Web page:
Removing personnel from the open aseptic process is the most effective way to reduce the risk of introducing contamination caused by humans. This can be achieved by introducing a physical barrier between the critical Grade A zone in the form of a restricted access barrier system (RABS) or using isolator technology. Hence, the published Annex 1 puts a firm recommendation in place to consider the use of barrier technology.

Organizations must understand that there are differences in barrier technology including their controls. For example, using a RABS system, where doors are frequently opened to perform inherent or corrective interventions, are not deemed RABS but are deemed a classic Grade A/B design since it does not segregate operator interference from the critical zone during interventions. This was already spelled out in “USP <1116> Microbiological Control and Monitoring of Aseptic Processing Environments” (2).

Regarding using isolator technology, while the Annex 1 revision from 2009 required a minimum classification of Grade D as background for isolators, there are now further expectations. A Grade-D background is allowed when using a closed isolator system, that is, there is no infeed from or outfeeds to a lower classified area. The product, including all primary packaging components, are present in the isolator, and the entire aseptic process is completed, including sealing of the final product container within the isolator before the isolator is opened again.

Open isolators are those configurations where, for example, containers are transferred through a depyrogenation tunnel oven into the critical Grade A zone, units are filled and then moved out of the isolator via a mousehole. These require, at minimum, a Grade-C background and justification in the CCS.

When a product requires lyophilization, the design of the loading and unloading process plays an important role as it will dictate the sterilization frequency of the lyophilizer chamber. As per “Section 8.123,” manually loaded and unloaded lyophilization processes without barrier technology require sterilization of the lyophilizer chamber before each load. Companies have two years from the date of publication to be in compliance with this requirement. This could have implications for an organization’s manufacturing capacity and, therewith, a potential effect on market supply.

Retrofitting existing lyophilization set-ups can be a challenge, with the financial burden being only one aspect. In collaboration with engineering specialists, a workable solution must be found that allows for automatic loading and unloading of the current configuration or implementation of barrier technology. The available footprint can be a restricting factor, not to mention the delivery time for a reengineered process and the qualification and validation of the new process. These factors could easily exceed the allowed grace period of two years.


With the final text published on 25 August 2022, time is ticking for organizations to have the guidance in operation no later than 25 August 2023. With less than 10 months to go, companies must ensure they know the implications of the final version. A structured gap assessment and realistic remediation plan to address any noncompliances in a timely manner is important to satisfy regulatory inspections and “future proof” the company’s compliance with Annex 1. This requires in-depth knowledge of one’s manufacturing process and identification of associated risks augmented with remediation actions when it comes to correct adoption and successful implementation of QRM.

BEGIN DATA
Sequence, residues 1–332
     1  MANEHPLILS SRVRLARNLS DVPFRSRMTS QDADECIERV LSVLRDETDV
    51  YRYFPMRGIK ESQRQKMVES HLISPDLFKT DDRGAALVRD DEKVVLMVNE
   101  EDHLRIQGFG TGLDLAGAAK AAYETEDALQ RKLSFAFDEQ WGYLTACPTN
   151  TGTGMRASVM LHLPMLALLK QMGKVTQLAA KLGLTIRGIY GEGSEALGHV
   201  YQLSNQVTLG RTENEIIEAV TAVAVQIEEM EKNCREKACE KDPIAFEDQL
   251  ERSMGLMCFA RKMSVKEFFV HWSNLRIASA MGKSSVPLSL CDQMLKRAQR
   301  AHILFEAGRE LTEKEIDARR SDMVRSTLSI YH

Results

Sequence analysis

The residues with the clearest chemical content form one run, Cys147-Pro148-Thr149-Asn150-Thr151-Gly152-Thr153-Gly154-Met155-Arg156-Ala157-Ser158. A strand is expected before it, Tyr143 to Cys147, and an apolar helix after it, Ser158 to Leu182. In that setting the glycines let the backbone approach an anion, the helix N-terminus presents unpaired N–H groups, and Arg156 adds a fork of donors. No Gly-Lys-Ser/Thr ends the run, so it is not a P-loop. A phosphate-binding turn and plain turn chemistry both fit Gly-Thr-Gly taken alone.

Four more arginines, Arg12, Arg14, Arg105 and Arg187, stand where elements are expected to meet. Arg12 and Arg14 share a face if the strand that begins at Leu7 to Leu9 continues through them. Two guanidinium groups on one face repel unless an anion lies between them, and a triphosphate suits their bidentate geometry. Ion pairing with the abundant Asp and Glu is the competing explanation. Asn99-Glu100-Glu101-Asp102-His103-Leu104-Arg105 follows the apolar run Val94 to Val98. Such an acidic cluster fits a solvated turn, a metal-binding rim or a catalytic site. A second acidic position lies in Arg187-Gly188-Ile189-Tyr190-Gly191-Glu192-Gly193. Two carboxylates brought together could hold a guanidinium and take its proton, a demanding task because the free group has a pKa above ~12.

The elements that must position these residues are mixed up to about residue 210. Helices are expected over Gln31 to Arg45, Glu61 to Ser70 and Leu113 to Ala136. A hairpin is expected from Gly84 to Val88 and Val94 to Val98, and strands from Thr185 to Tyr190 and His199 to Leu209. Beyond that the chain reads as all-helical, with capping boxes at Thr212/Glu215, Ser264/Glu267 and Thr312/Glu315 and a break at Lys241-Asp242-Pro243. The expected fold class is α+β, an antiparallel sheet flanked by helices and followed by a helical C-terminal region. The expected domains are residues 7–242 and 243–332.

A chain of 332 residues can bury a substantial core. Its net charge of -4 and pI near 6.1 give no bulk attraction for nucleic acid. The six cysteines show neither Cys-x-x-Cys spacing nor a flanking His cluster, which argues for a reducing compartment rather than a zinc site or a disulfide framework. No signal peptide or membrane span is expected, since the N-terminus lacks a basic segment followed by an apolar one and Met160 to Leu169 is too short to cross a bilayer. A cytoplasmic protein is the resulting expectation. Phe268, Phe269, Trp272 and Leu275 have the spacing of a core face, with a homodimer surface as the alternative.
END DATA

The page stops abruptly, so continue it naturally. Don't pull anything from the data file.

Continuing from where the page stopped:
The final Annex 1 version calls organizations to adopt a new mindset that goes top-down, is holistic and may ask for cultural changes. Considerations are expected to be given to novel technologies, such as deployment of barrier technology, online CCIT and rapid/alternative monitoring methods. All geared toward the purpose of improving product quality and, ultimately, patient safety.


  1. European Commission (2022). Annex 1: Manufacture of Sterile Medicinal Products, The Rules Governing Medicinal Products in the European Union, Volume 4 EU Guidelines for Good Manufacturing Practice for Medicinal Products for Human and Veterinary Use. https://health.ec.europa.eu/system/files/2022-08/20220825_gmp-an1_en_0.pdf.
  2. United States Pharmacopeia (2022). General Chapter ⟨1116⟩ Microbiological Control and Monitoring of Aseptic Processing Environments. In USP-NF. Rockville, MD: United States Pharmacopeia. https://doi.org/10.31003/USPNF_M99835_01_01.

About the Author

Patrick Nieuwenhuizen Patrick Nieuwenhuizen, Director Senior Consultant at PharmaLex, has over 25 years of experience in the pharmaceutical industry with a background in microbiology and sterile manufacturing. He has worked for several global pharmaceutical and biotechnology companies, including Genzyme (a Sanofi company) and MedImmune, across a variety of platforms from biologics to sterile fill finish and solid oral dose. Nieuwenhuizen has provided quality, sterility assurance and microbiology oversight for various site and laboratory expansion projects from construction design through to method transfer and operational readiness. Nieuwenhuizen has also been involved in several corporate initiatives, such as a sterility assurance council and the roll-out of corporate standard programs, designed to improve and maintain organizational quality standards. As a lead auditor, he has been involved with audits facing several competent authority inspections, including but not limited to Ireland’s Health Products Regulatory Authority, the U.S. FDA, ANVISA, the Chinese FDA and Health Canada. Acting as a risk facilitator for quality risk management programs, Nieuwenhuizen has gained significant experience with problem-solving and the management of complex investigations.

For more information on Annex 1, the author encourages readers to contact him: [email protected]